People might just see a limp but there is so much more going on beneath the surface, and I know that I speak for others with chronic illnesses. I am not discussing these symptoms in order to complain about my lot, I merely want to raise awareness of the ‘invisible’ side of disability. It takes so much for me to get out of the house each morning; due to fatigue and exhaustion I must take breaks as I get ready. I used to be extremely punctual, now I operate on ‘Parkinson’s time’, and I am often late. I need to budget energy and decide where to use it. I have balance issues, I am extremely sensitive to over-stimulation and crowds, I can’t make plans with certainty, I have brain-fog, I also have limited movement, extreme anxiety, low mood and insomnia. The list could go on… Those of us with chronic illnesses are often dealing with old age issues whilst we are still relatively young, I know that I often feel like I have the body of a much older lady.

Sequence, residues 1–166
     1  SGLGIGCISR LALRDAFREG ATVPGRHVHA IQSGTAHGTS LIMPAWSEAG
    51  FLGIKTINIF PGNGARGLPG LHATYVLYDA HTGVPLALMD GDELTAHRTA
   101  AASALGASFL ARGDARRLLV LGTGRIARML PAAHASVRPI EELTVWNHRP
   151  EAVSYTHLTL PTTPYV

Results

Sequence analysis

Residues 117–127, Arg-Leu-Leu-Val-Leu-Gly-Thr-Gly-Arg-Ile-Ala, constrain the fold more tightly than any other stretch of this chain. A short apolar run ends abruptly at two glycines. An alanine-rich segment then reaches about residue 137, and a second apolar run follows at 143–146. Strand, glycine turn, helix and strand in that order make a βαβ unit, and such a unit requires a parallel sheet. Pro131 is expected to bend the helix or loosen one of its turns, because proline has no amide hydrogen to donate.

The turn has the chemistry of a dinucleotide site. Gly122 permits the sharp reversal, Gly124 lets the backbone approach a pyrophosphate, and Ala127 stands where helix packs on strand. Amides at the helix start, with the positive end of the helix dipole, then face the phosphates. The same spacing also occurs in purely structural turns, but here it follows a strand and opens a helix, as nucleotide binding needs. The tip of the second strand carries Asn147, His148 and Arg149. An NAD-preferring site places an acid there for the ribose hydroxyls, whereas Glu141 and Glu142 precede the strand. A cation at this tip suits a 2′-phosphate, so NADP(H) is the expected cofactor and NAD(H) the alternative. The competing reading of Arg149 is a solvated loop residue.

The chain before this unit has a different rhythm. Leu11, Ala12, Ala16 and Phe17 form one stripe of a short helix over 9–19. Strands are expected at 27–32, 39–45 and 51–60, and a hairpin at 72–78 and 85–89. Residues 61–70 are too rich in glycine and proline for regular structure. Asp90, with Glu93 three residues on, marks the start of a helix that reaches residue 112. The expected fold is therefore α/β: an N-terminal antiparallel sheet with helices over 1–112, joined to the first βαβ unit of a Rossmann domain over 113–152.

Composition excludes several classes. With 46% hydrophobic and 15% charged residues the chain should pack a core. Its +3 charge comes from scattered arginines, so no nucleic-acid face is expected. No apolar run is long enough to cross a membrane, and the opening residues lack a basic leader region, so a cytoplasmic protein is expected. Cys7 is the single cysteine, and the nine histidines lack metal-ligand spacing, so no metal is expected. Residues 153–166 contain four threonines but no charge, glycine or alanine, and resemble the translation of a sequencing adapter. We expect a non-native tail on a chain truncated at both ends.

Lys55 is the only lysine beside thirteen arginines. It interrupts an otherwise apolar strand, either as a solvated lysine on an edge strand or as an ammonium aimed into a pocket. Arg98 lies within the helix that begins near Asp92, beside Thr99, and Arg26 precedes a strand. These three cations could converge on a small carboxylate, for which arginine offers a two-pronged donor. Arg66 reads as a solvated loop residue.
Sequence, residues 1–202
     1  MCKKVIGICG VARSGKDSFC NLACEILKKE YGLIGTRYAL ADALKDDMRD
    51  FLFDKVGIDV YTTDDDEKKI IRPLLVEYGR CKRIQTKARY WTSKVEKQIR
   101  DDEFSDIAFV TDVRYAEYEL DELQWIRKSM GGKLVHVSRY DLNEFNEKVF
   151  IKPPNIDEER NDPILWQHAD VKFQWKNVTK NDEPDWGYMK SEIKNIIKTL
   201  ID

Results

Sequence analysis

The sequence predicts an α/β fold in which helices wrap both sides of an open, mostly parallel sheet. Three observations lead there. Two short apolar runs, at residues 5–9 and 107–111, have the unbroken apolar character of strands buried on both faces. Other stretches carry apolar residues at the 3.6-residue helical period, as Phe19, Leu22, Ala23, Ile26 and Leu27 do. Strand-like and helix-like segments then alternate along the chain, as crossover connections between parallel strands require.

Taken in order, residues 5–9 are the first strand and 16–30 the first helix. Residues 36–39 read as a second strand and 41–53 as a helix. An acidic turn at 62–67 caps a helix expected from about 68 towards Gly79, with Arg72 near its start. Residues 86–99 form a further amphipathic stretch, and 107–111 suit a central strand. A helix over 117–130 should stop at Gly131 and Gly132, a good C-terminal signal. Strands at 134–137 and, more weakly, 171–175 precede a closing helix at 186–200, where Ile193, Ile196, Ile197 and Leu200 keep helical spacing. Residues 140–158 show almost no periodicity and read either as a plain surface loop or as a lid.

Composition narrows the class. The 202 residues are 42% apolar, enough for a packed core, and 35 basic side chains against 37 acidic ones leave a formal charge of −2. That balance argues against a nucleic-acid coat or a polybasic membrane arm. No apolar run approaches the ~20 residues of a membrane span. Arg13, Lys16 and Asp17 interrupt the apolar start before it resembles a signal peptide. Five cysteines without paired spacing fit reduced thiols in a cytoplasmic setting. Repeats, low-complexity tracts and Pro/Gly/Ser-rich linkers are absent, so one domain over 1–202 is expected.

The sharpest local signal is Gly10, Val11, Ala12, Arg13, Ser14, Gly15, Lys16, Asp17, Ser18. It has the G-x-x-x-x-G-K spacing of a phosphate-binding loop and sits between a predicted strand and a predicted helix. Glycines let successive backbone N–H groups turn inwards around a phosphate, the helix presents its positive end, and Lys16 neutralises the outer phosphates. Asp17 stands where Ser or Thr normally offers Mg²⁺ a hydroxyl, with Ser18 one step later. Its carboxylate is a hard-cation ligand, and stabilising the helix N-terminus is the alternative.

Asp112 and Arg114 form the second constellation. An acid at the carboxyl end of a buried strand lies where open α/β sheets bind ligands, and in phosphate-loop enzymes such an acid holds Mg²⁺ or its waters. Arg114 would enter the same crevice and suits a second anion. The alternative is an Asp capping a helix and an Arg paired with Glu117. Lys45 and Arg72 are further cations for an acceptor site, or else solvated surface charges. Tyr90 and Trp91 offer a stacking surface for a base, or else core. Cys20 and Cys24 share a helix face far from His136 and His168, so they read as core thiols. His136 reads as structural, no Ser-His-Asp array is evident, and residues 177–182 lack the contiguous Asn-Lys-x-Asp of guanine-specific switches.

Each person with a chronic illness will have their own complex needs but will often receive a sceptical response when explaining invisible symptoms. We are often made to feel like a hassle and a burden and that we are taking up space. I however, have stopped living apologetically and I now ask for what I need. I have gone from being someone who tried to hide her disability to someone who feels compelled to raise awareness and to be an advocate for the chronic illness community.

Remember that anyone can become disabled at any time, and we never know when we will be diagnosed with a serious illness. I will continue to confront the status quo and I would implore you to do the same…